CENTENNIAL, Colo. -- The NFL attempted to provided clarity on its national anthem policy Wednesday. Now, based on player reactions, it is fair to wonder if it reignited a controversy that had waned by season's end.
The NFL decided that players and league personnel on the sideline must stand for the anthem, while permitting those uncomfortable with this rule to remain in the locker room. President Donald Trump, who galvanized NFL players last September when he called for owners to "fire" those who disrespect the anthem, applauded the league's new policy. Trump suggested players who protest "shouldn't be in the country."
Broncos linebacker Brandon Marshall called Trump's comments "disgusting."
"I say disgusting because of our First Amendment rights. We have freedom of speech, freedom to protest. So if somebody protests something, now we get someone kicked out of the country? That's not how things should work in my opinion," Marshall said. "We are supposed to have a conversation about things, talk about things, work things through. Everybody is not going to agree. Everybody is not going to have the same opinion. Just because somebody has an issue with something going on in this country they should pack up and leave? That's absurd."
Marshall and All-Pro cornerback Chris Harris admitted they understood why the league adopted the policy, with Marshall explaining, "I don't like it, but they are trying to protect the shield." However, both believe the players should have been consulted before revisions were made. Under the new guidelines, the NFL can fine teams for players who protest on the sidelines, and, the team is free to levy additional fines. Jets chairman Christopher Johnson said he would not dock players who demonstrate or protest on the field. Broncos CEO Joe Ellis plans to discuss the issue with players next week.
In attempting to find a middle ground, the league has created a potential new issue. The policy, as Harris admitted, could create more unity from players.
"No telling how many guys are going to be in the locker room (for the anthem). It is probably going to be a lot," said Harris, who indicated he would "probably" be on the field for the anthem to maintain his pregame routine. "It's not going to change what we do off the field in the community. It's clear cut what you have to do if you are on the field (for the anthem)."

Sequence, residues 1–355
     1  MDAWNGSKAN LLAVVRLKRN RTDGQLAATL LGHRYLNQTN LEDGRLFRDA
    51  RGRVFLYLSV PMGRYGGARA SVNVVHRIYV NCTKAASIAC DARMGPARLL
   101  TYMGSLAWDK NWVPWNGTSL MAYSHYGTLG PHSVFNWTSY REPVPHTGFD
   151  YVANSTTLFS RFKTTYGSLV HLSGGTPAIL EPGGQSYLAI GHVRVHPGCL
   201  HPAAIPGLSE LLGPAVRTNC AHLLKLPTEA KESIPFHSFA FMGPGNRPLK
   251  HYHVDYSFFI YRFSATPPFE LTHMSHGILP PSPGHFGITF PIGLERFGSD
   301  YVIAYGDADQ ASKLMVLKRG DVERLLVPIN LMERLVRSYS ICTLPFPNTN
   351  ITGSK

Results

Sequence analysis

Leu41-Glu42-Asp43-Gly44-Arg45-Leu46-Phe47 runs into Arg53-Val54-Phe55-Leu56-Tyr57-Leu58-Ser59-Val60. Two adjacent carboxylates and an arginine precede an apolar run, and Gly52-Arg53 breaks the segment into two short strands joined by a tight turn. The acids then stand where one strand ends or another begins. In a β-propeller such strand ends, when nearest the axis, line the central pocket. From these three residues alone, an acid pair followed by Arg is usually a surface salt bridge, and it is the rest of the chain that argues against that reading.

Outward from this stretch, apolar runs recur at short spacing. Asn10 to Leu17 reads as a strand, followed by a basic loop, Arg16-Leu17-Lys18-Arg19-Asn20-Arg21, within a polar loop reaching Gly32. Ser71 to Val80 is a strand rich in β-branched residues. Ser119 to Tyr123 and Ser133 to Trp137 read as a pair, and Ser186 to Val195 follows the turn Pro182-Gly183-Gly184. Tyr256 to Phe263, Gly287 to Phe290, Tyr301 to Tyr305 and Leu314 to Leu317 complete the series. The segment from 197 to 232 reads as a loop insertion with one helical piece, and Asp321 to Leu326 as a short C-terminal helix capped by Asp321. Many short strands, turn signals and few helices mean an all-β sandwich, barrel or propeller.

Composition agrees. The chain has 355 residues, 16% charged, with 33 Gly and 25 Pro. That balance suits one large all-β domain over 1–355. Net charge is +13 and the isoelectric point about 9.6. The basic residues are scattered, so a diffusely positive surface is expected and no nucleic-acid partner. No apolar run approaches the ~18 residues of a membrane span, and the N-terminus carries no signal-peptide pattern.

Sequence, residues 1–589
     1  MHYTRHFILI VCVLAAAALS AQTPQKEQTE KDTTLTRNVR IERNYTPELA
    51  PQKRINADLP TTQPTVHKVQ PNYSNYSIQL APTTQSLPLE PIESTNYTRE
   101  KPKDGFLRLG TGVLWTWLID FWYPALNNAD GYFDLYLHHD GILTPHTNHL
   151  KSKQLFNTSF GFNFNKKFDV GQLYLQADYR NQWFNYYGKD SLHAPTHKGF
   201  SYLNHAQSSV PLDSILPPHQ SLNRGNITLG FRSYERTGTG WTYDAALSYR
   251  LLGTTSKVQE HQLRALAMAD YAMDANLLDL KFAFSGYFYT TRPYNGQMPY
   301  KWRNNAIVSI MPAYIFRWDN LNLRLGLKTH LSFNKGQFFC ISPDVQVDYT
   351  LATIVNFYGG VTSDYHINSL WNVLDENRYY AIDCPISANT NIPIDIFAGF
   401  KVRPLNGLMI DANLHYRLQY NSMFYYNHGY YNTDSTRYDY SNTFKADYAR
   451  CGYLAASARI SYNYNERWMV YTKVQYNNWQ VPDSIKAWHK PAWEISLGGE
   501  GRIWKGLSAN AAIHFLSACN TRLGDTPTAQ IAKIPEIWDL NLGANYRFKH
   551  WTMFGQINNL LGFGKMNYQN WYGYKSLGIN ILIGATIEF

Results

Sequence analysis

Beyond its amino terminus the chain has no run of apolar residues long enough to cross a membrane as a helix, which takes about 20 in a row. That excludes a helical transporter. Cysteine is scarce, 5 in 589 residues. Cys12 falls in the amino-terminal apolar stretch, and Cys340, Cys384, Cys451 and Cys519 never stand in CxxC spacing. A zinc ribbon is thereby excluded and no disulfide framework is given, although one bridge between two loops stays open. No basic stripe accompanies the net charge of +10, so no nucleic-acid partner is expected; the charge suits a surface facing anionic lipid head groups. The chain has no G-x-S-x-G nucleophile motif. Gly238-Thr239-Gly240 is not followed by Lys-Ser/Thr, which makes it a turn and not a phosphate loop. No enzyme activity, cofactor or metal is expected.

Players have had preliminary conversations about the new policy, according to Marshall, while admitting he hasn't given much thought about what he plans to do.
Following the lead of his former college teammate Colin Kaepernick, Marshall took a knee for the first eight games of the 2016 season to raise awareness about social injustice. The linebacker said Thursday he appreciated the support from coach coach Gary Kubiak and Ellis in 2016, saying, "They had my back."
Marshall helped create change in the Denver Police Department's use-of-force policy after meeting with police chief Robert White. Multiple companies cut ties with Marshall for his stance. He remains active in the community, and will take kids from his Williams-Marshall Cares foundation to Washington D.C. this weekend as a reward for completing a leadership program.
Few players were protesting last season when President Trump said in September that owners should "fire" those who did, while advising fans to walk out of stadiums. It galvanized players. Only 19 Broncos players stood for the national anthem in Buffalo following Trump's remarks. After coach Vance Joseph met with the team's leadership council, the Broncos players, with some dissension, created a united front the following week. They decided as a team they would stand for the anthem.
While the new NFL policy offers alternatives, it creates issues for players. Those who don't stand on the sideline could be perceived as protesters by their absence alone. Harris admitted the media would keep a scorecard regarding players missing for the anthem. Derek Wolfe, Domata Peko and Matt Paradis said they would stand for the anthem.
However, what will the reaction be if a huge chunk of the roster is missing?
"Instead of seeing 60 players, 53 players, and now you see only 30? I don't know. That might leave a bad taste in some people's mouths," Marshall said. "I know people will definitely have some comments on it. It won't be as bad as kneeling, but if a lot of players stay in the locker room and only like 20 come out it could be an issue."
Chris Harris Jr. remains pleased with new techniques added in coverage. And he admitted he's not moving from the slot anytime soon. "There's nobody that can do what I do," Harris said. Harris looks forward to more blitzing this season after doing it only "five times" a year ago. .... Left tackle Garett Bolles has added weight, playing closer to 310 pounds. He had trouble keeping his weight near 300 last season. ... Brandon Marshall will play lighter. He has dropped from 238 pounds to 228 and plans to go at 228 to help in all facets of his game. Marshall did not have surgery on his torn rotator cuff, allowing it to heal on its own. He played the final 13 games in extreme pain last season, finishing with 106 tackles.